By David O. Williams
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December 3, 2007 — BEAVER CREEK – Austria, the greatest ski-racing nation on the planet, reestablished its dominance on the World Cup circuit Monday with Hannes Reichelt winning a super-G on the Birds of Prey course and two of his countrymen joining him on the podium in second and third.
Reichelt, who won the super-G at Beaver Creek two years ago for his only other World Cup victory, started first Monday and laid down a winning time of 1 minute, 19.87 seconds on a tight, technical course that saw 13 of 59 racers fail to finish.
Coming into Beaver Creek with no wins this season, Austrians won Friday’s downhill and claimed five of the top six spots in the super-G Monday - including Mario Scheiber in second (1:19.89) and Christoph Gruber in third (1:20.08). The U.S. men failed to win an event here for the first time since 2002 and remain winless on the season.
“I hope this starts a series for the next super-Gs and GS, because the winter started off really good,” Reichelt said. “(Sunday) I was seventh place in GS, and that gives me a lot of self-confidence, and that was the reason why (Monday) I was so fast.”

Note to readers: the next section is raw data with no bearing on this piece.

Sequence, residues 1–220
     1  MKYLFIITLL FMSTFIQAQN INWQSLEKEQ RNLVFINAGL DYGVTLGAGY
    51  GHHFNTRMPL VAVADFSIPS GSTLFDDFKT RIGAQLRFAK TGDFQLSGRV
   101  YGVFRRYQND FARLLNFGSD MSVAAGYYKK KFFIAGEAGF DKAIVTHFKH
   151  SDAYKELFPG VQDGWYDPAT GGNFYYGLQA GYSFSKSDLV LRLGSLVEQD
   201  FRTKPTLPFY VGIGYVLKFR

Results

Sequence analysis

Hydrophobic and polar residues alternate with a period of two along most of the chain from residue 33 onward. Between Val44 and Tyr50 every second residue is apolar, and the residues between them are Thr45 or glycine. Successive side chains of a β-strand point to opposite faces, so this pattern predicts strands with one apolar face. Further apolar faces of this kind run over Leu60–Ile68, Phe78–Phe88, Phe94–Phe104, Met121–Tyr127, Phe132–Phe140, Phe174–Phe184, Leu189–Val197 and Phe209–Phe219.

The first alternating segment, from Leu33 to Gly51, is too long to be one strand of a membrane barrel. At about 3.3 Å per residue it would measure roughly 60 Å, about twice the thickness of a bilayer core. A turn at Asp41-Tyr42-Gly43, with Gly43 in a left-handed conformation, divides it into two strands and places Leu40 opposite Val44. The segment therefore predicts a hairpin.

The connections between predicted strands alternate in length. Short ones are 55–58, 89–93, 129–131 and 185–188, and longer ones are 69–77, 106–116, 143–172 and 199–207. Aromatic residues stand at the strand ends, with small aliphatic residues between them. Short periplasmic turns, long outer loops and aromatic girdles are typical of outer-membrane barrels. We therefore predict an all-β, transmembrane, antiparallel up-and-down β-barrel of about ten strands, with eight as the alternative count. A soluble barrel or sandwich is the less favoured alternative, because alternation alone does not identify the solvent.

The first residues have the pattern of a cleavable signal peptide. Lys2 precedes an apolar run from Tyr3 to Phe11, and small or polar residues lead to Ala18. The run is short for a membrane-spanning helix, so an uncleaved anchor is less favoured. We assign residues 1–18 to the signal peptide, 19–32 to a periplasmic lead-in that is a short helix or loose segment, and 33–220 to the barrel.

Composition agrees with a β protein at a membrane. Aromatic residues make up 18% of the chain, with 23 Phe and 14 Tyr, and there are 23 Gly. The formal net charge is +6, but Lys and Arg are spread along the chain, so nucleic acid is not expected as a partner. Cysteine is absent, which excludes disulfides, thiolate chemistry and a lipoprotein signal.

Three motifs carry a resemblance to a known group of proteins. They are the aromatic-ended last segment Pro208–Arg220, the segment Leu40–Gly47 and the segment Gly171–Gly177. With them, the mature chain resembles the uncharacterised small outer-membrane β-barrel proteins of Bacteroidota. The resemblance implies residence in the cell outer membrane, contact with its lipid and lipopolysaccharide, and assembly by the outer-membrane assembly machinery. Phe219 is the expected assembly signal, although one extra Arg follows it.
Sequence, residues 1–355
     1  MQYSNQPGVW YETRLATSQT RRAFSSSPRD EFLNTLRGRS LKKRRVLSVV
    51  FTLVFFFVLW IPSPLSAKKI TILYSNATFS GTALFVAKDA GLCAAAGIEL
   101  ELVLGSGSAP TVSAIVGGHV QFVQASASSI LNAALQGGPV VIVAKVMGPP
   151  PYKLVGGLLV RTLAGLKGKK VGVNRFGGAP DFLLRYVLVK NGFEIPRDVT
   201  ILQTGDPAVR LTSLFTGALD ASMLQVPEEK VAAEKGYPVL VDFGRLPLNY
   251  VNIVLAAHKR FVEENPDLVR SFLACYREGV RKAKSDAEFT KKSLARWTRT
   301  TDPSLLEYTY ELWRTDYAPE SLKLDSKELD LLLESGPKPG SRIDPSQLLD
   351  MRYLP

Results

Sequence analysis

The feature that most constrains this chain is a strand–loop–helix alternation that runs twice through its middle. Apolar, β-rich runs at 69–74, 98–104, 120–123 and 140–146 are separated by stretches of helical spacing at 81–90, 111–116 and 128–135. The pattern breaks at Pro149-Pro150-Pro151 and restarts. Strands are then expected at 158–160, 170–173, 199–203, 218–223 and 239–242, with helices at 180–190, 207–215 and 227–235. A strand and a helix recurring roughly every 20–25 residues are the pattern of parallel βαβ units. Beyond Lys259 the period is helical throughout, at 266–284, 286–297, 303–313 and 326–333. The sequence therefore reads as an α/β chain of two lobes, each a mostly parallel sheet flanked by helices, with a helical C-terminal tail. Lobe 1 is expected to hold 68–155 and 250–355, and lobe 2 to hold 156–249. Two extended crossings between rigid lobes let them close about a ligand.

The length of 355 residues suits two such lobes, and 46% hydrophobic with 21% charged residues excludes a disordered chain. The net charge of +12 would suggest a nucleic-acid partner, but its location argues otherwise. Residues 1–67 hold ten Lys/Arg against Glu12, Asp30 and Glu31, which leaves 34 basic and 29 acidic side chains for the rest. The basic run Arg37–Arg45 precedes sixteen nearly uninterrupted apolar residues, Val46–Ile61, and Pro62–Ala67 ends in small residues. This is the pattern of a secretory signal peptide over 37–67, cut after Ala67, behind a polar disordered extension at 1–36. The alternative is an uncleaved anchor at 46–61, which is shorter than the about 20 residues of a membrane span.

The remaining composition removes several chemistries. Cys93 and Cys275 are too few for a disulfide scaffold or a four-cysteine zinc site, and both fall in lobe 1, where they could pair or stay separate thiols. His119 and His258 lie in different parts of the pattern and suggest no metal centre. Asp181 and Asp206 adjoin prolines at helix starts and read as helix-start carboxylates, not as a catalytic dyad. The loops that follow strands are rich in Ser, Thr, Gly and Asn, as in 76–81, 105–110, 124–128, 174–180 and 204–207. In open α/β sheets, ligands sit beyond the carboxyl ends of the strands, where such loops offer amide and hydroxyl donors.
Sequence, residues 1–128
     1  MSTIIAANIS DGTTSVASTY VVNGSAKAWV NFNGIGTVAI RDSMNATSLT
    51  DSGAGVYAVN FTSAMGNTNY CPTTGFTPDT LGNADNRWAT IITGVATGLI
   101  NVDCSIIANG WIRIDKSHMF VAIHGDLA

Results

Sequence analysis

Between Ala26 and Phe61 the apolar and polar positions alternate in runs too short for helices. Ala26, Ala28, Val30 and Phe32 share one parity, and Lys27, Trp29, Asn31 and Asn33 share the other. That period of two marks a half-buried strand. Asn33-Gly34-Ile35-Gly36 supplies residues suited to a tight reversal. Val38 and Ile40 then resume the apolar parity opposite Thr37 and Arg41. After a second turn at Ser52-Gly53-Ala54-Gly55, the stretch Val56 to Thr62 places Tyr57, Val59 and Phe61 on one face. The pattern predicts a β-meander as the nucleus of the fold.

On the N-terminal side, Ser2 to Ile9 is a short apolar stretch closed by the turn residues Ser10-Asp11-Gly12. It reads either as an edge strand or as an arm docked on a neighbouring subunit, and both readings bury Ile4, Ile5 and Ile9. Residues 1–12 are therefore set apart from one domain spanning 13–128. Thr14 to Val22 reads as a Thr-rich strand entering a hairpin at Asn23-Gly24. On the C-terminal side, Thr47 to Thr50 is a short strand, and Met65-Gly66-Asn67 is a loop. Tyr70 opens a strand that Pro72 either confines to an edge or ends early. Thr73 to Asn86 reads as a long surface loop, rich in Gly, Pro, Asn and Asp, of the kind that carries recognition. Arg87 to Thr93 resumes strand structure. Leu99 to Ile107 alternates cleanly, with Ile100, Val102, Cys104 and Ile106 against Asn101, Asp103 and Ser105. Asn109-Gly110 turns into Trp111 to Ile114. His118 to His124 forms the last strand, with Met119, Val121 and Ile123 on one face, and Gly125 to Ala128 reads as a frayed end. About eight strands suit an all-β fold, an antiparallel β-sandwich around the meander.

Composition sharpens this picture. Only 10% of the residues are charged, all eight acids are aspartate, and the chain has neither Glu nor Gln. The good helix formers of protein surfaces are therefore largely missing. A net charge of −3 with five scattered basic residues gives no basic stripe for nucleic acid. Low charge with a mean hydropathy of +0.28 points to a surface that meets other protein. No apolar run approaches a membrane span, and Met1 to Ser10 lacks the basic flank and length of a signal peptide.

The top American finisher was tech (slalom and GS) specialist Ted Ligety, who admits speed events such as super-G and downhill are outside of his comfort zone, but still charged the course to claim his first World Cup super-G points with a 23rd-place finish.
American independent Bode Miller, a winner here each of the last three seasons, was winless thus far this year heading into the super-G, and his bad luck continued in the final race here this year. Miller said he hit a rock near the first gate, folding over a huge section of the inside edge of his right ski and preventing him from effectively turning the rest of the way down.
He still posted a time and actually earned points with a 30th-place finish, but Miller is always going for the win. He managed a fourth and a sixth at Beaver Creek this year, and afterwards was philosophical about those results.
“To myself anyway I showed that I have the speed to win any races,” Miller said. “In GS, super-G and downhill I have a significant amount more speed than the other guys are capable of right now, so those are good things.”
Only one other American finished Monday’s race (Scott Macartney in 44th) and three others skied off the demanding course and failed to finish, but Ligety said there’s no reason to panic because the U.S. didn’t get a win on its home hill this season.
“It’s definitely tough, but we had a lot of good results across the board, a lot of guys having breakthrough performances,” Ligety said. “We can’t be too mad at ourselves about that. With (Andrew) Weibrecht’s performance (10th in the downhill) and then Nyman getting second (in downhill), it was still a good week.”
As a preview of women’s World Cup ski racing action on tap beginning Friday in Aspen, American racer Resi Stiegler, a 2006 Olympian from Jackson Hole, Wyo., was a forerunner in Monday’s men’s race.
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